I think the moment we put something into a "state", we isolate it. Like the state of Israel, for example, who doesn't feel beholden to identify Palestine as a state, to be political for a moment. I use this example because it is extreme and I think it can be extreme to classify in such ways. I think the state of poetry is that it lives in a world unto itself and that is dangerous, that is why few people outside of those who write it, read it, and largely why I ran away from the writing world for a while. It's probably why I also come off as cynical about it. I think poetry is and more often than not, benefits from being a state of being or living. If we live our lives poetically, we write better (ideally) and are still present and involved in the world. I am still wary about writing in our current climate if what I am saying is not directly/indirectly to the end of freeing us in some way. I still haven't figured that out exactly but I am trying to make it more of a conscious effort.
If anything though, I am learning now that I can't be caught up in the 'why' or 'what' is going to happen to poetry but that we must continue to write or create in some capacity because it is really our last weapon of change for those charged with having such an outlet or talent, if you will.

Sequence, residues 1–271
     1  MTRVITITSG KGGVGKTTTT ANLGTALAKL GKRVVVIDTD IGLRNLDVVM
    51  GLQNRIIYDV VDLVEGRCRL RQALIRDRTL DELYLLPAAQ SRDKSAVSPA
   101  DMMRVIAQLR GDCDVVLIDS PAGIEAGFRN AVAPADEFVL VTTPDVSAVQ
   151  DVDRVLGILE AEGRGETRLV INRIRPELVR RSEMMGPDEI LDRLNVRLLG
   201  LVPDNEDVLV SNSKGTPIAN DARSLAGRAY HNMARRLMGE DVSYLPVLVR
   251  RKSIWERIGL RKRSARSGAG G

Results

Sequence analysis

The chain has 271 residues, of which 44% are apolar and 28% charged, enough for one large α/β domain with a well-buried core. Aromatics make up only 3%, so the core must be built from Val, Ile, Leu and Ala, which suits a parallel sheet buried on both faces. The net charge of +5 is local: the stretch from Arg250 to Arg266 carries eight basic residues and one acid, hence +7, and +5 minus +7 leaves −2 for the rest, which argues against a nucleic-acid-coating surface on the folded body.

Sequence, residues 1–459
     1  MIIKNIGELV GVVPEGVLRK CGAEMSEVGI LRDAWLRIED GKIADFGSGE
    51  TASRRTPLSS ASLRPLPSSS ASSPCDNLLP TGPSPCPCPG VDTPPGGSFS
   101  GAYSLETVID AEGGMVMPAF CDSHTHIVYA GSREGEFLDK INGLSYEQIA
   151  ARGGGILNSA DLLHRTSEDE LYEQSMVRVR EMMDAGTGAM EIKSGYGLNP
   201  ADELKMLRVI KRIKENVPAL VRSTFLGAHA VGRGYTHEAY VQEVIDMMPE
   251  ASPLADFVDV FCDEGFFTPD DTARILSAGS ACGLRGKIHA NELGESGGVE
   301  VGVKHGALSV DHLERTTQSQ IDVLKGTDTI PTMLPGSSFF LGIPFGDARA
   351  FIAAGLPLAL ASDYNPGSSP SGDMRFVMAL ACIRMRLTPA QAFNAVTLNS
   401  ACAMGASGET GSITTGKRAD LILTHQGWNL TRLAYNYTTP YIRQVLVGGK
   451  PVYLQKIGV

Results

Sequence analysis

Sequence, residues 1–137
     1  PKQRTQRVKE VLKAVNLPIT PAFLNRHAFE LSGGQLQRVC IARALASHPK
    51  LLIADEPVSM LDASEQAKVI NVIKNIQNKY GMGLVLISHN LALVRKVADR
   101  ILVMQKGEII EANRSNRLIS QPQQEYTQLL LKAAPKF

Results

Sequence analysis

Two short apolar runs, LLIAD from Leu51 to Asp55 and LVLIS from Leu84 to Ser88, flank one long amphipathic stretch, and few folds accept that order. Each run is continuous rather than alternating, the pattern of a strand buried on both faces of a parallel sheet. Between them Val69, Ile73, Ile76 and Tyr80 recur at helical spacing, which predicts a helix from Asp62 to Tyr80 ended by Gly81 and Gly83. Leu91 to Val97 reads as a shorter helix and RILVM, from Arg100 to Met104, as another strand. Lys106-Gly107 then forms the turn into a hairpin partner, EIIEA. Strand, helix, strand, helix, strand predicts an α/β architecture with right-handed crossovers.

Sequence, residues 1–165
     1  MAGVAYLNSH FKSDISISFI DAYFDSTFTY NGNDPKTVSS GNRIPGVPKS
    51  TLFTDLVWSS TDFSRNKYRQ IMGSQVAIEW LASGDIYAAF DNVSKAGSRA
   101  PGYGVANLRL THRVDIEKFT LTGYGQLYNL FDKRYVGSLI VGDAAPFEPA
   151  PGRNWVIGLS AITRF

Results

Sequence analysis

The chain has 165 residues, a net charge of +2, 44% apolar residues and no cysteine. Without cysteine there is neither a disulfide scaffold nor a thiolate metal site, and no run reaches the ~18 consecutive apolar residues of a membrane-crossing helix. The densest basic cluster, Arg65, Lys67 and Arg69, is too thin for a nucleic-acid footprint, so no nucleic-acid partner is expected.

What are you reading right now? What did you start reading but stopped 10 minutes later and haven’t started again?
Right now I am reading a few things,10th of December by George Saunders which is totally surprising and fresh and moving to me and Jane Wong's Overpour, which is fucking flawless. I started reading Farenheit 451 because I am so embarrassed about how few classic novels I have read but put it down because it wasn't too long after the election and it was just too much.
If there is any book you could have written but didn’t, what would it be?
I would have loved to have written Actual Air by David Berman. It's pitch-perfect in my mind and the dude just went away after writing it. I wish we all had the wisdom to sometimes just stop and find the new or next thing.
And, finally, what’s a day-in-the-life like for Zachary?
If I am not working on a film set (which is my current occupation), I am usually seeking out the best bowl of ramen in Minneapolis, riding my bike to a lake, pitching my hammock with some kinda new beverage I am trying out that week, a book, a fruit thing and staying put until the sun falls out of the sky. So yeah, sleeping under trees, okay. But until I do that, I am likely in bed for a while, thinking that I need to be writing more.